European Parliament Library

Perceptual learning, the flexibility of the senses, by Kevin Connolly

Experts from wine tasters to radiologists to bird watchers have all undergone perceptual learning - that is, long-term changes in perception that result from practice or experience. Philosophers have been discussing such cases for centuries, from the 14th-century Indian philosopher Vedanta Desika to the 18th-century Scottish philosopher Thomas Reid to a great many contemporary philosophers. This text uses recent evidence from psychology and neuroscience to show that perceptual learning is genuinely perceptual, rather than post-perceptual
Table Of Contents
Part 1. The Nature of Perceptual Learning -- How to Understand Perceptual Learning --Introduction -- What Is Perceptual Learning? -- A Taxonomy of Perceptual Learning Cases -- The Offloading View of Perceptual Learning -- Looking Ahead -- Is Perceptual Learning Genuinely Perceptual? -- Introduction -- Skepticism about Perceptual Learning as Genuinely Perceptual -- Introspective Evidence that Perceptual Learning Is Genuinely Perceptual -- Neuroscientific Evidence that Perceptual Learning Is Genuinely Perceptual -- Behavioral Evidence that Perceptual Learning Is Genuinely Perceptual -- Conclusion -- Part 2. The Scope of Perceptual Learning -- Learned Attention and the Contents of Perception -- Introduction -- The Phenomenal Contrast Argument -- The Attentional Reply to the Phenomenal Contrast Argument -- The Blind Flailing Model of Perceptual Learning -- A New Attentional Reply to the Phenomenal Contrast Argument -- Learned Attention and the Offloading View -- Learned Attention II: Sensory Substitutions -- Introduction -- Attentional Weighting in Distal Attribution -- Latent Inhibition as a Kind of Learned Attention -- Applying Principles of Attentional Training to Sensory Substitution -- Perceptual Learning and Perceptual Hacking -- An Empirical Test for Determining the Nature of SSD Experience -- Conclusion --Chunking? The World Through Multisensory Perception -- Introduction -- The Kind of Conscious Awareness We Have in Multisensory Perception -- Unitization as a Perceptual Learning Mechanism -- Applying Unitization to Multisensory Cases -- Objections and Replies -- Unitization and the Offloading View -- Conclusion -- Learning to Differentiate Properties: Speech Perception -- Introduction -- The Phenomenal Contrast Argument for Hearing Meanings -- The Argument from Homophones -- The Role of Differentiation in Speech Perception -- Why Perceptual Learning Does Not Support the View that We Hear Meanings -- The Offloading View and Speech Perception -- Conclusion -- Learning to Differentiate Objects: The Case of Memory Color -- Introduction -- Memory Color and Cognitive Penetration -- A Brief Survey of Memory Color Studies -- Why Memory Color Is Not a Mechanism for Color Constancy -- Applying Differentiation to Memory Color -- Memory Color and the Offloading View -- Conclusion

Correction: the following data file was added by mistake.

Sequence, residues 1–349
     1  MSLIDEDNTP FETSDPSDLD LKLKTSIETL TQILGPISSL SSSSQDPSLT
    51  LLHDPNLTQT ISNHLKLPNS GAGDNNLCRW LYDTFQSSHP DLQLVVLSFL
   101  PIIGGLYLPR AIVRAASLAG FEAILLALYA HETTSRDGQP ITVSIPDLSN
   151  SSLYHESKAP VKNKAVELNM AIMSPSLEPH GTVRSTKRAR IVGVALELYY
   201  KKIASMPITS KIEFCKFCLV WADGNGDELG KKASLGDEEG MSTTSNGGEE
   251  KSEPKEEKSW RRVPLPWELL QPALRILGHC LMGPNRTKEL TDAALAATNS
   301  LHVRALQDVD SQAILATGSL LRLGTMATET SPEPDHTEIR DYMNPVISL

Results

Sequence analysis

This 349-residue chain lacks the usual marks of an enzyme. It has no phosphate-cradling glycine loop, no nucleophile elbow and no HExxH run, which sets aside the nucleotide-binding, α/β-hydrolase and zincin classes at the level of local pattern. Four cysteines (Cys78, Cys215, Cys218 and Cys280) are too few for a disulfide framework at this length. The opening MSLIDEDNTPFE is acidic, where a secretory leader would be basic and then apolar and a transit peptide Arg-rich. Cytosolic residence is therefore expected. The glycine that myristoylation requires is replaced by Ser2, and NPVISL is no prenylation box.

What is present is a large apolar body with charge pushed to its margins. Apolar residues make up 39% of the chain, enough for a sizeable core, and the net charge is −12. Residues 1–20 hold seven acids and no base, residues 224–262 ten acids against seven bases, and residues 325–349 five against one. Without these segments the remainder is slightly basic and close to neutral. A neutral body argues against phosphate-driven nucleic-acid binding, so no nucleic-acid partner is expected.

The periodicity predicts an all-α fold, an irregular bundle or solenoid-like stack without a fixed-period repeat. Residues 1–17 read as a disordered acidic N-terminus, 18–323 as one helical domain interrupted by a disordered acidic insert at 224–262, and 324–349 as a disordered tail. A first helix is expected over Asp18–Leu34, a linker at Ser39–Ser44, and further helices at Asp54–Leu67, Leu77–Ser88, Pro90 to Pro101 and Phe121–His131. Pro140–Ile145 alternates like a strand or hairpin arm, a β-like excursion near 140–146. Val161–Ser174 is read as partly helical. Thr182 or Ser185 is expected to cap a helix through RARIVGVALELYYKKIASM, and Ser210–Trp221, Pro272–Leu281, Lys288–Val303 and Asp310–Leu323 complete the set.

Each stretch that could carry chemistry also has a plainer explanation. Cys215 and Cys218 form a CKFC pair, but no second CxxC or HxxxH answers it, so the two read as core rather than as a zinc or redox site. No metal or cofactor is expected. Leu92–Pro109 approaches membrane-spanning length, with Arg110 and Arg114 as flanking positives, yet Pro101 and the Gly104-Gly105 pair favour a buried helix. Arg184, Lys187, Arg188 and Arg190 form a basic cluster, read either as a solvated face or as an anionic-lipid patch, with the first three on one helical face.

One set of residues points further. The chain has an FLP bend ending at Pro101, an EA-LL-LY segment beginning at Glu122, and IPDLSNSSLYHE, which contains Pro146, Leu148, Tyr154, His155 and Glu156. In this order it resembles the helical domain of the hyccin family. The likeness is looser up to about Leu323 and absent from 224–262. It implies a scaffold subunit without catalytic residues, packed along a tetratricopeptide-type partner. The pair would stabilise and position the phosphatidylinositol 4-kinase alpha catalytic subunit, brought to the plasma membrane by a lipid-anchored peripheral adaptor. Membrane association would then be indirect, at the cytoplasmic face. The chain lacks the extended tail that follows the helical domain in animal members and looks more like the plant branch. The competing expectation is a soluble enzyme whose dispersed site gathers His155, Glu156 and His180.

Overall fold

Literary Form
non fiction
Previously issued in print: 2019
Physical Description
1 online resource (277 pages)
Specific Material Designation
Form Of Item

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